CS undergrad, Alyssa Hwang  (SEAS ’20), Presented Her Research at Columbia, Harvard and Stanford Research Conferences

Hwang spent the summer working for the Natural Language Text Processing Lab (NLP) and the Data Science Institute (DSI) on a joint project, doing research on gang violence in Chicago.


What was the topic/central focus of your research project?
I used the DSI’s Deep Neural Inspector to evaluate an NLP model that classified Tweets from gang-related users.

What were your findings?
Through my research, I found that the DNI reported higher correlation between hypothesis functions and neuron/layer output in trained models than random models, which confirms that the models learn how to classify the data input.

The aggression model showed interesting correlation with activation hypotheses, and the same with the loss model with imagery, which implies that aggressive speech tends to be very active (intense) and that text containing loss tend to use language that is concrete rather than abstract. If I had more time to continue this research, I would love to explore different types and sentiments in text and how that would affect how well a model learns its task.

What about the project did you find interesting?
The most interesting part of my research was seeing how interconnected all of these disciplines are. I split most of my time between the Natural Language Processing Lab and the Data Science Institute, but I also had the chance to meet some great people from the School of Social Work–their work on gang-related speech is part of an even bigger project to predict, and later prevent, violence based on social media data.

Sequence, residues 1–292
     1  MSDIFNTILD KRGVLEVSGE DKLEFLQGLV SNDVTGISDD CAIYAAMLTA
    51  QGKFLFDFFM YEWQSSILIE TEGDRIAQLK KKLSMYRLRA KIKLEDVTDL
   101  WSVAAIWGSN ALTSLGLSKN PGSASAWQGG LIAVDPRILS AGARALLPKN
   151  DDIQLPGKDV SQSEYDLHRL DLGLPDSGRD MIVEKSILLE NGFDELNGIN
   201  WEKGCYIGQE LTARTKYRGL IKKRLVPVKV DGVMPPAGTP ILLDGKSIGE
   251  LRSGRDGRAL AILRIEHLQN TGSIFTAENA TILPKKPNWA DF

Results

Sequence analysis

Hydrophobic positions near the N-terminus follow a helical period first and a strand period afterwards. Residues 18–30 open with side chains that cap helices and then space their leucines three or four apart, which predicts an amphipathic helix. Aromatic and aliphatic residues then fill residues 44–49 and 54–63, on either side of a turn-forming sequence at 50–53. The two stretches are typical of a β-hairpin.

How did you get involved in/ choose this project?
I’ve been working at the NLP Lab since freshman year and decided to continue working there over the summer. In my opinion research is one of the best ways to develop your skillset and ask questions to people already established in the same field. I knew I wanted to pursue research even before I decided to major in computer science, and I feel so grateful to be included in a lab that combines so many of my interests and develops technology that matters.

How much time did it take and who did you work with?
The project was for three months and I worked with CS faculty – Professor Kathy McKeown and Professor Eugene Wu.

Which CS classes were most helpful in putting this project together?
Python, Data Structures

What were some obstacles you faced in working on this project?
I had just finished my sophomore year when I tackled this project, which means that the most advanced class I had taken at that point was Advanced Programming. I spent a lot of time just learning: figuring out how machine learning models work, reading a natural language processing textbook, and even conducting a literature review on violence, social media, and Chicago gangs just so I could familiarize myself with the dataset. I felt that I had to absorb an enormous amount of information all at once, which was intimidating, but I was surrounded by people with infinite patience for all of my questions.

What were some positives of this project?
Through this project, I really started to appreciate how accessible computer science is. Half of the answers we need are already out on the internet. The other half is exactly why we need research. I can learn an entire CS language for free in a matter of days thanks to all of these online resources, but it takes a bit more effort to answer the questions I am interested in: what makes text persuasive? What’s a fair way of summarizing emotional multi-document texts?